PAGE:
Toledo won its first outright MAC West division championship since 1998 in 2017, when Candle was named the MAC coach of the year.

In the pandemic-shortened 2020 season, Toledo finished 4-2 while only playing MAC games, and averaged 35 points and 494 yards per game under Candle.

Why he makes sense for KU: A winning coach from Toledo taking over in the Big 12? That sounds familiar.

It’s a plan that worked out phenomenally well for Iowa State, which hired Matt Campbell away from the MAC program following the 2015 season.

The Cyclones are 35-28 since Campbell, Candle’s former boss, took over in Ames, Iowa. ISU has won seven or more games each of the past four seasons and is coming off of a 9-3 year that finished with the Cyclones ranked No. 9 in the country, following a Fiesta Bowl win over Oregon.

Candle worked as Toledo’s offensive coordinator during the four seasons Campbell was the Rockets’ head coach.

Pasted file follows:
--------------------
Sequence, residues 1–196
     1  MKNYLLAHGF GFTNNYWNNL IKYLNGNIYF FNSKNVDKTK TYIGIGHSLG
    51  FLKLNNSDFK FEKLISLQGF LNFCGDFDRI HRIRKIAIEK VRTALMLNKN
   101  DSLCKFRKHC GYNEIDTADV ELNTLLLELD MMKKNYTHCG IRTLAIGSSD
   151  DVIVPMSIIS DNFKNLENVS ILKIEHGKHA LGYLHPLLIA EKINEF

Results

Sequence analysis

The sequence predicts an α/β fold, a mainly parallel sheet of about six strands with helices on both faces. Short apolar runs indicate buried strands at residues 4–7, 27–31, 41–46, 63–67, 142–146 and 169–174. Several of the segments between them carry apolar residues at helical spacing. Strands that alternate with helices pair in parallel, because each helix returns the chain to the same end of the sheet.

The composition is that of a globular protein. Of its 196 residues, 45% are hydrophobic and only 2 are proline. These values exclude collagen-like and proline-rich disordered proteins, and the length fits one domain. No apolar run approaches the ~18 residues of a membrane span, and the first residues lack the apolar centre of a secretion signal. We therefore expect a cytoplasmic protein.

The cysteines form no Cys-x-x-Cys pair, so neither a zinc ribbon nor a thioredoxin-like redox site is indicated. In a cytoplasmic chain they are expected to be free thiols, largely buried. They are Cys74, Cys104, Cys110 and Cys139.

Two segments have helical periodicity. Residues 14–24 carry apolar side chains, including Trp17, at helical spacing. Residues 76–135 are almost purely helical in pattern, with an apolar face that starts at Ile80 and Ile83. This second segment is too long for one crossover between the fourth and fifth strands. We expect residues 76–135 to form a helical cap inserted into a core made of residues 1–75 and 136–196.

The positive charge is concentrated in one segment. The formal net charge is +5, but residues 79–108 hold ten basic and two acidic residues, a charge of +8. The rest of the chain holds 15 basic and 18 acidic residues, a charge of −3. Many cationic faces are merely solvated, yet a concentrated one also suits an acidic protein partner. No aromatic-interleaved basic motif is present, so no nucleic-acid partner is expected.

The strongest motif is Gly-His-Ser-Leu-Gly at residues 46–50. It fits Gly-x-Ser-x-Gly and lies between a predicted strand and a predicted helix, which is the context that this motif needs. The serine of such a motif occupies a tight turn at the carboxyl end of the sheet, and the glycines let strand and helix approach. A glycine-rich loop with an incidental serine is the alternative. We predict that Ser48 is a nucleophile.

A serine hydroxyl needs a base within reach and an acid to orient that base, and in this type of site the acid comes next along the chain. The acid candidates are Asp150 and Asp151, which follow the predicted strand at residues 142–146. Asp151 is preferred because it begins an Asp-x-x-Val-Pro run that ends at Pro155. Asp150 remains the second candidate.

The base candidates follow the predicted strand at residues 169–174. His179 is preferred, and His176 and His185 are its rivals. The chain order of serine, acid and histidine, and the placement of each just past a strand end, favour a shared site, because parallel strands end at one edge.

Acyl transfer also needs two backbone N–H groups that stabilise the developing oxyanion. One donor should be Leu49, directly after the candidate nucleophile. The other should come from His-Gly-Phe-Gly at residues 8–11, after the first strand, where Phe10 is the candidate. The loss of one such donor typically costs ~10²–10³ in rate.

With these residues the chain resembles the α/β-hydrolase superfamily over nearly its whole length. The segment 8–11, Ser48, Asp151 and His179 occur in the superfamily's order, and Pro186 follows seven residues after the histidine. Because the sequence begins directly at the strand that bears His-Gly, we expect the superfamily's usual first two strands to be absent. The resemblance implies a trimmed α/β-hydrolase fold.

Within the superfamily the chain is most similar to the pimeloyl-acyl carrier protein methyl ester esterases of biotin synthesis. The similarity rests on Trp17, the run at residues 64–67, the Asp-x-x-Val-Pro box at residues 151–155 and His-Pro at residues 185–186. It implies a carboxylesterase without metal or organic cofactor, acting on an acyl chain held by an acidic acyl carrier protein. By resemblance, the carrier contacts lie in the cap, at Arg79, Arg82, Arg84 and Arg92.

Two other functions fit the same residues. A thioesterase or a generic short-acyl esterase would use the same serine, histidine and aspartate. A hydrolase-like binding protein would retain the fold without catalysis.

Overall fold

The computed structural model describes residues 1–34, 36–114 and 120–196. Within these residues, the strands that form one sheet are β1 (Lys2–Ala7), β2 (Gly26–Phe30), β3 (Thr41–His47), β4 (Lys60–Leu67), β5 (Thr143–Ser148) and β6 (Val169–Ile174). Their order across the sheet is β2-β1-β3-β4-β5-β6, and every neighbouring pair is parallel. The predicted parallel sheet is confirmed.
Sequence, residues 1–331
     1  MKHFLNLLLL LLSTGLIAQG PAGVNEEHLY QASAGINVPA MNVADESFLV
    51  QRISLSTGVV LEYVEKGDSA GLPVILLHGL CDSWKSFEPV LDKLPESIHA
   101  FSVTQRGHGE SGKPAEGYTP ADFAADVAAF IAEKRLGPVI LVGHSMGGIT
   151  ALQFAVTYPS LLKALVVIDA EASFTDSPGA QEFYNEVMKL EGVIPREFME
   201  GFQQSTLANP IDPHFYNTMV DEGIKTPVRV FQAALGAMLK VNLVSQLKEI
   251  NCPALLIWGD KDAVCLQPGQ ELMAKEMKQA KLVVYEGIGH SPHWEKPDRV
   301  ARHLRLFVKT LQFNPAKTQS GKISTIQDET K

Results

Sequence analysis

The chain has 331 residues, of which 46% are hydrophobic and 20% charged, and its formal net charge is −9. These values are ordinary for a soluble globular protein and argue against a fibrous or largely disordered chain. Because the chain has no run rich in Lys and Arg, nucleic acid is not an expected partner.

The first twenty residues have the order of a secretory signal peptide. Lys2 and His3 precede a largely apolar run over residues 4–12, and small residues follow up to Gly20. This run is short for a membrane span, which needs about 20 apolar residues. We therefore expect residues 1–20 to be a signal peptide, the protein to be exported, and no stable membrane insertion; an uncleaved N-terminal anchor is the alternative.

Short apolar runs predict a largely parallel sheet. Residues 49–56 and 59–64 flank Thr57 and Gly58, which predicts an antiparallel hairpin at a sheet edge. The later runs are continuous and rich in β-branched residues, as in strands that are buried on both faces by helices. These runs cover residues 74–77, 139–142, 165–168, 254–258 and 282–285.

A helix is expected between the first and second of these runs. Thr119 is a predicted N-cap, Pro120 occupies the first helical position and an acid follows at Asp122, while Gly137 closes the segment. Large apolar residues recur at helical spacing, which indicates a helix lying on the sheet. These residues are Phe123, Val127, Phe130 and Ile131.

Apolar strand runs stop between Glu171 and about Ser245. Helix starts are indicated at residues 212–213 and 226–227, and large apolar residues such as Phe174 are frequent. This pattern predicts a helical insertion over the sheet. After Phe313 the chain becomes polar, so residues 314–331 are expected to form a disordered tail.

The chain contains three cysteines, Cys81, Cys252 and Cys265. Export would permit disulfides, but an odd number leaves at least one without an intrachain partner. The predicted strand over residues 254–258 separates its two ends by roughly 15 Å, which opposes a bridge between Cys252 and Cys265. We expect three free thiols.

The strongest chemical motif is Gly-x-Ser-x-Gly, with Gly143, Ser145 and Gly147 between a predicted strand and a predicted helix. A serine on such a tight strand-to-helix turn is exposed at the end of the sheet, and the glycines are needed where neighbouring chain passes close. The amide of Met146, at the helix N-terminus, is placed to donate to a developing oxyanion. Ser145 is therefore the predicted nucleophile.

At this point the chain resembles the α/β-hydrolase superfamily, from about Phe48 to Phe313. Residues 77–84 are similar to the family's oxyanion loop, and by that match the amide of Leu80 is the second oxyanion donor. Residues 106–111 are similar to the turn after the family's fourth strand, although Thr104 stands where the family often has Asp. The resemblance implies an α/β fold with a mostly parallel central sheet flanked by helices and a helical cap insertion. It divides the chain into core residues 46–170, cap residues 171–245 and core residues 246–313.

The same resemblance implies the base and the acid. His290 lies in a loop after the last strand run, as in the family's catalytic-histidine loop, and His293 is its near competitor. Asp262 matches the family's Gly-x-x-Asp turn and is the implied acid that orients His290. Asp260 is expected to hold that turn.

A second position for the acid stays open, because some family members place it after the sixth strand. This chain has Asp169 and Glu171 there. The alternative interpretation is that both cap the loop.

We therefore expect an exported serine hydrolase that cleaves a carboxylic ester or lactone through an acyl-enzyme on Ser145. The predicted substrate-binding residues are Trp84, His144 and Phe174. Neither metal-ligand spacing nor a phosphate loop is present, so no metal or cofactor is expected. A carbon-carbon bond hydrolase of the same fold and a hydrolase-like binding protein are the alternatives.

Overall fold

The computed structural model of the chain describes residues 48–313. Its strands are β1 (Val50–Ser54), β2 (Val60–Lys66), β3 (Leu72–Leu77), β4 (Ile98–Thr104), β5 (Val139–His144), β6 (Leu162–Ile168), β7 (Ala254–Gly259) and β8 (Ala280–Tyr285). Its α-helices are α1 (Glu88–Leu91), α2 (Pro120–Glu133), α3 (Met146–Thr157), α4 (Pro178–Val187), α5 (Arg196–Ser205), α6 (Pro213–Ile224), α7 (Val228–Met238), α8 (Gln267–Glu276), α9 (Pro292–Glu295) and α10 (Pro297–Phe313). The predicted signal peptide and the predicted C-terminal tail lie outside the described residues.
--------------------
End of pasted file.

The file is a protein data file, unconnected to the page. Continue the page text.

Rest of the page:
Other past Toledo head coaches who have found success at their next job include Gary Pinkel (118-73 at Missouri) and Nick Saban (34-24 at Michigan State).

Jeff Monken, Army

FBS head coaching record: 49-39 (.557) in 7 seasons

From 1997 to 2013, Army finished a season with a winning record just once. Then Monken took over and the Black Knights turned into a highly respected team.

On the strength of an old school football offense, the triple-option, Monken has directed Army to bowl appearances in four of the past five seasons. The team’s 2020 season concluded with a narrow loss to West Virginia in the Liberty Bowl, making Army 9-3.

That’s the only bowl game Army has lost since Monken took over ahead the 2014 season. In 2016, Army beat North Texas in the Heart of Dallas Bowl. In 2017, Army topped San Diego State in the Armed Forces Bowl. And in 2018, back at the Armed Forces Bowl again, Army walloped Houston, 70-14.